National Crises Highlight the Need for Climate Solutions Addressing Racial, Economic and Environmental Justice

Washington, DC -- In response the Biden-Harris administration announcing a series of initiatives that would create a White House Environmental Justice Advisory Council and a White House Environmental Justice Interagency Council, launching a whole-of-government approach to cleaning up communities disproportionately affected by pollution, and directing agencies to ensure that 40% of climate investment benefits are targeted to communities of color and other disadvantaged communities, the co-authors of the Equitable and Just National Climate Platform released the following statements:

Dr. Ana Baptista, New Jersey Environmental Justice Alliance and the Tishman Environment & Design Center at the New School: “This is a critical moment for environmental justice communities in New Jersey and across the country, as we are experiencing the worst outcomes of both cumulative pollution and the coronavirus pandemic. The Biden administration’s commitment today to embed environmental justice priorities more deeply into their decision-making – and to invest in communities overburdened by pollution – is a step in the right direction. New Jersey has taken a bold step towards environmental justice with its recently passed EJ legislation and now we are looking forward to similar ambitious action from the federal government.”

Dr. Mildred McClain, The Harambee House/ Citizens for Environmental Justice:“For too long, the people of Georgia have been battling environmental racism in the form of deadly pollution in our air, our water, and our bodies. This is especially true for the African American communities who call the port of Savannah home. Today, President Biden took a step in addressing this injustice by strengthening his administration’s commitment to including environmental justice voices in decision-making and to investing in our communities.”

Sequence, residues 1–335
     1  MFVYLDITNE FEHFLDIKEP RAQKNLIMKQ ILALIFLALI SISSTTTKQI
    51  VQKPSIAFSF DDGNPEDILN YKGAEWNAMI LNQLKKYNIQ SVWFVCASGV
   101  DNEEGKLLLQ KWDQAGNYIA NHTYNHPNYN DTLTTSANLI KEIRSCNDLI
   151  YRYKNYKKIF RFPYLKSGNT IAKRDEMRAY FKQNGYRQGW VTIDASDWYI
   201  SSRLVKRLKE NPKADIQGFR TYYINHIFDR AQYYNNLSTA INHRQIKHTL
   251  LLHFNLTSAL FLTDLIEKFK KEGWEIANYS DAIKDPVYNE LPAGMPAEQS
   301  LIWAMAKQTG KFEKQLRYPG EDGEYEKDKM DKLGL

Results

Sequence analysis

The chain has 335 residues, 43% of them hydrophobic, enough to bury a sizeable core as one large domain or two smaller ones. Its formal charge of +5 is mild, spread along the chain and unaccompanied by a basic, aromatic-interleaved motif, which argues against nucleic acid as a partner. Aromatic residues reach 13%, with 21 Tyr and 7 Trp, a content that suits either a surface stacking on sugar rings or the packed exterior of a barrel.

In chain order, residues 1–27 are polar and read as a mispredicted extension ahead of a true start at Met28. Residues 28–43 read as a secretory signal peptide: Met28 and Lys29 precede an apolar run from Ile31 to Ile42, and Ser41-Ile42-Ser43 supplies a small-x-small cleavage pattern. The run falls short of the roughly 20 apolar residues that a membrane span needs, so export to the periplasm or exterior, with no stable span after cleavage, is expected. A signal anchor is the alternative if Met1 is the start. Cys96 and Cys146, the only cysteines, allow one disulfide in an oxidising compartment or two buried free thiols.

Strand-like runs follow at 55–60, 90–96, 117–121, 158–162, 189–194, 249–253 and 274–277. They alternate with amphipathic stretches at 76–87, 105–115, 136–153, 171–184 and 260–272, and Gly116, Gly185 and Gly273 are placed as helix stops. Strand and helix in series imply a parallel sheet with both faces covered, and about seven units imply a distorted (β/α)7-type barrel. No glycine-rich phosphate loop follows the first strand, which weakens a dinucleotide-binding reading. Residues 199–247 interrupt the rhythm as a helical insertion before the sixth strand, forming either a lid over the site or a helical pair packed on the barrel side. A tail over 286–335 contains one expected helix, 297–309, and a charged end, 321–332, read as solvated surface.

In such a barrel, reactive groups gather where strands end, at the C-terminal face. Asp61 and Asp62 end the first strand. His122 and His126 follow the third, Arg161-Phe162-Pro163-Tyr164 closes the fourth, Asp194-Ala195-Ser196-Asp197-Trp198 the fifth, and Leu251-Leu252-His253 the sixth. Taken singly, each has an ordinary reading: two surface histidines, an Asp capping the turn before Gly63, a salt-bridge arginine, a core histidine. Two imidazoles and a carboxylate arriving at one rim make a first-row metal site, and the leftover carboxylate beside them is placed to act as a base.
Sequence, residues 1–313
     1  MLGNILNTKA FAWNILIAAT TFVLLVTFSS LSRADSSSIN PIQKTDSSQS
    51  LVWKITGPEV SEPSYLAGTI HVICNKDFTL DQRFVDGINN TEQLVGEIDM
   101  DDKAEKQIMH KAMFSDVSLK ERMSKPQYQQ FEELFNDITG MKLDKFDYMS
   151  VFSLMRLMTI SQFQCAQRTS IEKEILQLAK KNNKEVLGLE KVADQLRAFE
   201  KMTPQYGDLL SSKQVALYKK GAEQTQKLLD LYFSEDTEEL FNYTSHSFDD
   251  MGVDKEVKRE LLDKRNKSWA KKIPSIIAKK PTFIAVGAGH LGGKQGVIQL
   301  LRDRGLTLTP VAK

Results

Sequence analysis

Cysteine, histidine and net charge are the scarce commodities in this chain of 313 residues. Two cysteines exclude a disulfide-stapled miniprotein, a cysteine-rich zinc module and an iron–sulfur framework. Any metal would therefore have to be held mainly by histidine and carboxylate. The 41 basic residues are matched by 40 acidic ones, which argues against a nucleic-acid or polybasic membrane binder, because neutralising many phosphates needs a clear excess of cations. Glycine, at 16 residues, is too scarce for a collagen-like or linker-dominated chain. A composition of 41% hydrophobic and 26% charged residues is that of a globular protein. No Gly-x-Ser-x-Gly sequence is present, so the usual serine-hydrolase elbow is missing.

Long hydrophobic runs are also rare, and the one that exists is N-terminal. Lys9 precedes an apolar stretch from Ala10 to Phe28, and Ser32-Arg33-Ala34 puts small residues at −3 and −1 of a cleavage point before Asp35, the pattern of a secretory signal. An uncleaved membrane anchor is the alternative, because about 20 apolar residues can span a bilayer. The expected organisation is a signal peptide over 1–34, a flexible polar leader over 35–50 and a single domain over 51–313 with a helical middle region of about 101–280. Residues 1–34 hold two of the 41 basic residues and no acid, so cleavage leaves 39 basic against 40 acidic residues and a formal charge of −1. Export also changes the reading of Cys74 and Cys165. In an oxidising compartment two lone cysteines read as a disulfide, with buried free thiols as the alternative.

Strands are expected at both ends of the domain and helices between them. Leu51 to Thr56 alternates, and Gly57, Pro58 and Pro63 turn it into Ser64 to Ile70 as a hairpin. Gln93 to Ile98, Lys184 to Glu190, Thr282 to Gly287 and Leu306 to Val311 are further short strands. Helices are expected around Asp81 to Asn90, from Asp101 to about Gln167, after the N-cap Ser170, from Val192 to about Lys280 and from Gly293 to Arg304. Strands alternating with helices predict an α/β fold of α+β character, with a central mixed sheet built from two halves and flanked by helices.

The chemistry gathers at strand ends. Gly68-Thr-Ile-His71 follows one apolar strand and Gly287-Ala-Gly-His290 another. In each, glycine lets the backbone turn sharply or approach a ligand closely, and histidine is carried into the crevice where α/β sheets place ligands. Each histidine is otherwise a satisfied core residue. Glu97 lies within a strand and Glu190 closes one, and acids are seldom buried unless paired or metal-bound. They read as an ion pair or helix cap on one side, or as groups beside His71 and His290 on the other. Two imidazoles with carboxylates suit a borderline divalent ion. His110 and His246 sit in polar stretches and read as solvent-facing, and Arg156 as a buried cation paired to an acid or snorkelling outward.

Michele Roberts, Environmental Justice Health Alliance: “President Biden’s announcement today is crucial for communities in his home state of Delaware facing the deadly impacts of cumulative pollution, made worse by the coronavirus pandemic. His commitment to including environmental justice voices in his administration, through the creation of the White House Environmental Justice Advisory Council and the Environmental Justice Interagency Council, is a step towards giving communities like ours a much-needed seat at the table. We are so very excited that the Biden-Harris plan genuinely reflects the will and needs of the people. Now, we the people look forward to working with the Biden administration in holding them accountable to accomplish a pollution-free future that leaves not one community behind.”

Peggy Shepard, WEACT for Environmental Justice: “It is a well-documented fact that the climate crisis is most deeply felt in environmental justice communities – places where people of color and those of low-income reside. We need bold actions and comprehensive plans that will address the legacy of environmental harms that persist where we live, play, and work and that contribute to poor health outcomes, economic instability, and climate fragility. This is our time to act and the climate executive orders that President Biden signed today are a significant step for responding to the ambivalence and structural racism that is prolonging the climate crisis.”

Jumana Vasi, Midwest Environmental Justice Network: The Midwest is a hub for resource extraction and industrial processes. Our Environmental Justice groups have been working for decades to protect local water resources and sacred lands; address the flooding that damages homes, businesses, and farms; and ensure safe and clean air, water, and soil for urban and rural residents. Ongoing systemic racism, climate change, and the COVID-19 pandemic magnify these environmental challenges. The Biden administration’s commitment to direct 40% of climate investment benefits to aid Environmental Justice communities will move us closer to a climate future that benefits all people and all places. Such long-overdue support for frontline communities will support the equitable application of environmental protections and the elevation of locally-led climate solutions to bring meaningful economic, social, and health benefits to our region.